"Sanders . . . puts a personal face on the 10th Mountain Division and connects the reader more intimately to their story. It was, and is, a compelling story, and Sanders tells it well."
—Tom Miller, www.Military.com
"A great companion for any [ski] trip."
—Powder, Editor's Choice
"An immensely valuable and substantial addition to 10th Mountain literature and to the history of skiing in the United States."
—International Ski History Association
"Focusing on the lives, and the deaths, of three young men from vastly different backgrounds, Sanders traces the history of the U.S. Army's Tenth Mountain Division from its inception, training in Washington and Colorado, first blooding in the Aleutians, and finally, to deployment to Italy in 1945. . . . Sanders's treatment of strategic questions is capable and his discussion of the division's high command, especially Fifth Army Commander General Mark Clark, is far from uncritical. His accounts of combat, usually in the survivors' voices, are riveting. . . . In his brief, eloquent conclusion, Sanders notes the outstanding contributions of those who survived the war and wonders what might have been. . . . Amply illustrated with photos and maps, The Boys of Winter is a sensitive tribute."
—Western Historical Quarterly
"The Boys of Winter perfectly captures the spirit of the men who made the division what it was, as well as the spirit of those troopers who survived to help shape the postwar world."
—John Imbrie, 10th Mountain Division historian and co-editor of Good Times and Bad Times
"A classic of its genre. . . . The vivid descriptions not only of skiing and training exploits but also of armed combat will bring back many memories for our comrades. For 10th Mountain Division veterans and skiing historians, this is a must read book."
—10th Mountain Division Blizzard
"The best available look into the minds of the soldiers of the Tenth Mountain Division."
—History: Reviews of New Books
"Sanders's book isn't just another collection of ski tales, but rather serves as a full-fledged study on the U.S. ski troops during World War II. The Boys of Winter endows readers with valuable insight not only in regard to the history of the ski industry, but also the history of America."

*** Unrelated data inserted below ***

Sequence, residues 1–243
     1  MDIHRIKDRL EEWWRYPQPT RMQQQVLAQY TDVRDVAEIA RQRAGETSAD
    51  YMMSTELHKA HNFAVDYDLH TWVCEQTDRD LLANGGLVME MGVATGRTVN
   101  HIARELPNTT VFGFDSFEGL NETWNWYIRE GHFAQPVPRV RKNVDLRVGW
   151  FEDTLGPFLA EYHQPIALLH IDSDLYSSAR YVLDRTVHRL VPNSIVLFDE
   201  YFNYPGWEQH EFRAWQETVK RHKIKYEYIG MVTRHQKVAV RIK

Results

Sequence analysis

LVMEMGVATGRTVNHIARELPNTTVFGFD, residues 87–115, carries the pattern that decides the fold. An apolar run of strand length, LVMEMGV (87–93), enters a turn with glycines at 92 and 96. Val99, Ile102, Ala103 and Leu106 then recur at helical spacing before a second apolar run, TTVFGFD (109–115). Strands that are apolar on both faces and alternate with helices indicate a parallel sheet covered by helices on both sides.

—National Ski Areas Association Journal
"Told through the experiences of three of its most notable and flamboyant personalities . . . The Boys of Winter preserves the record of a unique US Army division that has been largely overlooked by virtue of its service on the often forgotten Italian front."
—America in WWII Magazine
"Sanders distills the complicated and years-long saga of the creation of America's ski troops into an intensely personal story . . .[and] doesn't shy away from a question that haunts the survivors of the division, and the families of those who never returned . . . Was the Italian campaign intensified in the closing months of the war to justify the time and expense devoted to the development of the ski troops? Was the costly campaign primarily intended to keep the name of Gen. Mark Clark in the headlines? No part of this remarkable history is more important, or more relevant, in light of today's American military involvement overseas."
"Move over WEB Griffith, Tom Brokaw, F. Ambrose Clark, and make room for Charles J. Sanders, author of the beautifully scribed and meticulously researched The Boys of Winter . . . a manuscript that will make you think, weep, and evaluate."
—Irv Naylor, President, Snow Time, Inc.
"A great read for histoy buffs and skiers alike"
—Theodore Roosevelt IV
The Boys of Winter tells the true story of three young American ski champions and their brutal, heroic, and fateful transformation from athletes to infantrymen with the 10th Mountain Division. Charles J. Sanders's fast-paced narrative draws on dozens of interviews and extensive research to trace these boys' lives from childhood to championships and from training at Mount Rainier and in the Colorado Rockies to battles against the Nazis.